As a postdoc you will also be expected to publish a number of results and data that you produce in journals and conferences. Once again during postdoctoral life you will not be given time to practice on your writing skills. Hence it is essential to get used to the style of writing papers and strengthen those skills during your time as a PhD student. I have actually found myself improving drastically in these skills after engaging and attending courses at the Graduate School in UNMC when I was a PhD student. I highly recommend current PhD students to make good use of the opportunity and attend as many of the training courses offered by the Graduate School during your PhD. The training courses offered at the Graduate School are tailored in such a way that they teach students to be confident about their research work and this is very crucial to complete the PhD and face the viva at the end of the PhD. Many of the skills that I had acquired from the training courses from the Graduate School without a doubt have helped me boost my confidence. They have also helped me face many of the people and institutions to whom my research had to be presented to outside University. Dr Tissa and Dr Jiin from the Graduate School have indeed been great sources of support and pillars who have done a great job in motivating not only me but other postgraduate students.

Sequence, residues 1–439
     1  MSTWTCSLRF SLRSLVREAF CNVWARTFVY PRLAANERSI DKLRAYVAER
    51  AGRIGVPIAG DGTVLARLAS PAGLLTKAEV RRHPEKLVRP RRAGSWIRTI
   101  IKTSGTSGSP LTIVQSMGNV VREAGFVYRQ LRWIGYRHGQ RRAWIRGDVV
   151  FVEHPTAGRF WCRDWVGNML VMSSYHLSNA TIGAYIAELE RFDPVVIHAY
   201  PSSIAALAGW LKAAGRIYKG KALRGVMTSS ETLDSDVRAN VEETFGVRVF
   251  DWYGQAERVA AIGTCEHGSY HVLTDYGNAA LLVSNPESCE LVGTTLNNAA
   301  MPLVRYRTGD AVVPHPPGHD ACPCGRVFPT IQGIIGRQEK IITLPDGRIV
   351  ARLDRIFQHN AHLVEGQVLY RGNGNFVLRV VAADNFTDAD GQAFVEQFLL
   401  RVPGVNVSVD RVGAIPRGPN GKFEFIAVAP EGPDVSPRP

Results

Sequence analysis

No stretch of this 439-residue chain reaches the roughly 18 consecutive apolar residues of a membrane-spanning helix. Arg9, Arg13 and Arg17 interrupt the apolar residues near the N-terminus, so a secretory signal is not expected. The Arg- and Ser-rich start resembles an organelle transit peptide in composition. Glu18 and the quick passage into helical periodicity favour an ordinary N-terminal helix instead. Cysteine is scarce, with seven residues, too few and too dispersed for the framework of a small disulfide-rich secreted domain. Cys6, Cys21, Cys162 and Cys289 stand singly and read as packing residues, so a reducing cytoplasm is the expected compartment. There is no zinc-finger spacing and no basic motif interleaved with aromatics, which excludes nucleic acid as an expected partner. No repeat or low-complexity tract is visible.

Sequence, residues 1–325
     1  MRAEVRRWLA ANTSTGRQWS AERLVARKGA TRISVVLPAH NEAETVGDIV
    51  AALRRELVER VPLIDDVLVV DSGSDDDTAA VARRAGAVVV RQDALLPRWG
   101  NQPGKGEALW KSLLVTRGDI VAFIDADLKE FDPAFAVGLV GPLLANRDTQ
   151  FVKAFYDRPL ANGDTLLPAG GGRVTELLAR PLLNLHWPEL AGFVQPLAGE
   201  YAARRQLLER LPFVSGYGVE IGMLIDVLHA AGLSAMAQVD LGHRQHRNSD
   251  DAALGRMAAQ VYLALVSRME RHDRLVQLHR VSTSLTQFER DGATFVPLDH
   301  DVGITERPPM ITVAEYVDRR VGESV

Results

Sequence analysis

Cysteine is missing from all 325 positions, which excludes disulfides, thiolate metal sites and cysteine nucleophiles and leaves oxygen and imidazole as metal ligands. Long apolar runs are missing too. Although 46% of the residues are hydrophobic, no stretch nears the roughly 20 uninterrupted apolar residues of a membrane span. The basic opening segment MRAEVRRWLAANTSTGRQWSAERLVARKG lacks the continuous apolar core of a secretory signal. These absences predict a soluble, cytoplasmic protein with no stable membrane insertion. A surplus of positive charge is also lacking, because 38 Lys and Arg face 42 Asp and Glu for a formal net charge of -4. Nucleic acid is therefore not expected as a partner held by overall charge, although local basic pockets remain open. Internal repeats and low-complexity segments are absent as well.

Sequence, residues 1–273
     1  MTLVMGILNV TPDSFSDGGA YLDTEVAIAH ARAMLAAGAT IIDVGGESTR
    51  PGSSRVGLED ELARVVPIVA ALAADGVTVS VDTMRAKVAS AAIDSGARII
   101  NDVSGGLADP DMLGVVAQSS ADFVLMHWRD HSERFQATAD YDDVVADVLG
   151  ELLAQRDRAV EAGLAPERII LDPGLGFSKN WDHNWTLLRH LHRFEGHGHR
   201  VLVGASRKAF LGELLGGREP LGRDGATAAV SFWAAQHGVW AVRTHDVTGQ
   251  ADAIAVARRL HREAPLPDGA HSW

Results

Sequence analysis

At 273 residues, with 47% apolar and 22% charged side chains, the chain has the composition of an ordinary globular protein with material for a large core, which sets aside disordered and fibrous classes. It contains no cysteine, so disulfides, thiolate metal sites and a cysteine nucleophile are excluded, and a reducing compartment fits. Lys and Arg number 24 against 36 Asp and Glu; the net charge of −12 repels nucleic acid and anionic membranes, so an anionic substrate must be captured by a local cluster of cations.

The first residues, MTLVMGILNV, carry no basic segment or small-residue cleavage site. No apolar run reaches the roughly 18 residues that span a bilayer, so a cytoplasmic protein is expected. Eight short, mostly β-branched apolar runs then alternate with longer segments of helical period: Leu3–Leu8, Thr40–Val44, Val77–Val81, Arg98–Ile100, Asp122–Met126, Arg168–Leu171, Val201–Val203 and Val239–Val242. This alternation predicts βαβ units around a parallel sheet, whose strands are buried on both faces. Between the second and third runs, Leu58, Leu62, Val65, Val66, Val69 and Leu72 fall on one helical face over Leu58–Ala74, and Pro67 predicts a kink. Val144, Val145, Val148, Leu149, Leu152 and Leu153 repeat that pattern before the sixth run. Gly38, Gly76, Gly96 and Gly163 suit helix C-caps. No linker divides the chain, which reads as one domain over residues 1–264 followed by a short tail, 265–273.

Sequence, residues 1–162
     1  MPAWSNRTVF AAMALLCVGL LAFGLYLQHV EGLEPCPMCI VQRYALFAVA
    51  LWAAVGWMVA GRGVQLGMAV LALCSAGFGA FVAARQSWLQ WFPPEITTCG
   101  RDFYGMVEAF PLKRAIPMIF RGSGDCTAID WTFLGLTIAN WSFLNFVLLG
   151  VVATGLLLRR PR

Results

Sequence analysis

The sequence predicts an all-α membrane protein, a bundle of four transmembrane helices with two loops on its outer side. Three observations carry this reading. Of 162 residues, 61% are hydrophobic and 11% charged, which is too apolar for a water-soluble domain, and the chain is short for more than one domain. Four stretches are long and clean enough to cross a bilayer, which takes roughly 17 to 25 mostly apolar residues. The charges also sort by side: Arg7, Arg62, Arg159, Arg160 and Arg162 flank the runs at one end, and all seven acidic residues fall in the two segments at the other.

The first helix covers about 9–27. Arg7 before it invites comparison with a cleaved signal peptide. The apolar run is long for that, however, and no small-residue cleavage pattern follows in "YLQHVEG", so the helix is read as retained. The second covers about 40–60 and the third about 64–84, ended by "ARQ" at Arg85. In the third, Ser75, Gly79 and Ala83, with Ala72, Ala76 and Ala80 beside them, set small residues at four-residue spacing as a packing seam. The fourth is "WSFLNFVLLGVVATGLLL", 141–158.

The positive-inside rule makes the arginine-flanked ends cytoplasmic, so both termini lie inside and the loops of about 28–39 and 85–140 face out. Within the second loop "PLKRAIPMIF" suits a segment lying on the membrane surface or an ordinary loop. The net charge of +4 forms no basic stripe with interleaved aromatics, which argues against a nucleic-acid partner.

I was lucky enough to work under the guidance of really supportive and knowledgeable supervisors, Dr Yousif Abdalla Abakr and Dr Kathy Simmons, for my PhD. Both my supervisors had advised me to start applying well ahead of time for research positions and jobs which I had started doing during my PhD. It was then I had come across this current research position from the G2TRC and applied for it. Similarly I would also advise current PhD students nearing the end of their journey and hoping to do postdoctoral research to start applying well before they graduate. It is quite usual for your applications to get rejected when you don’t have the PhD in hand but don’t get disheartened when it happens, and keep trying.

Before I can end this article I would like to extend my sincere gratitude to the University of Nottingham Malaysia Campus (UNMC) and the Engineering Faculty for getting me this far. I was always given endless support ever since my days as an undergraduate student to a PhD student where I was awarded the Dean’s Excellence Research Scholarship without which I would have not been able to pursue my PhD. UNMC is a place that has taught me so many valuable things and the experience that UNMC had given me is unmatchable without a doubt.

Posted in News and EventsPostgraduate lifeResearcher Development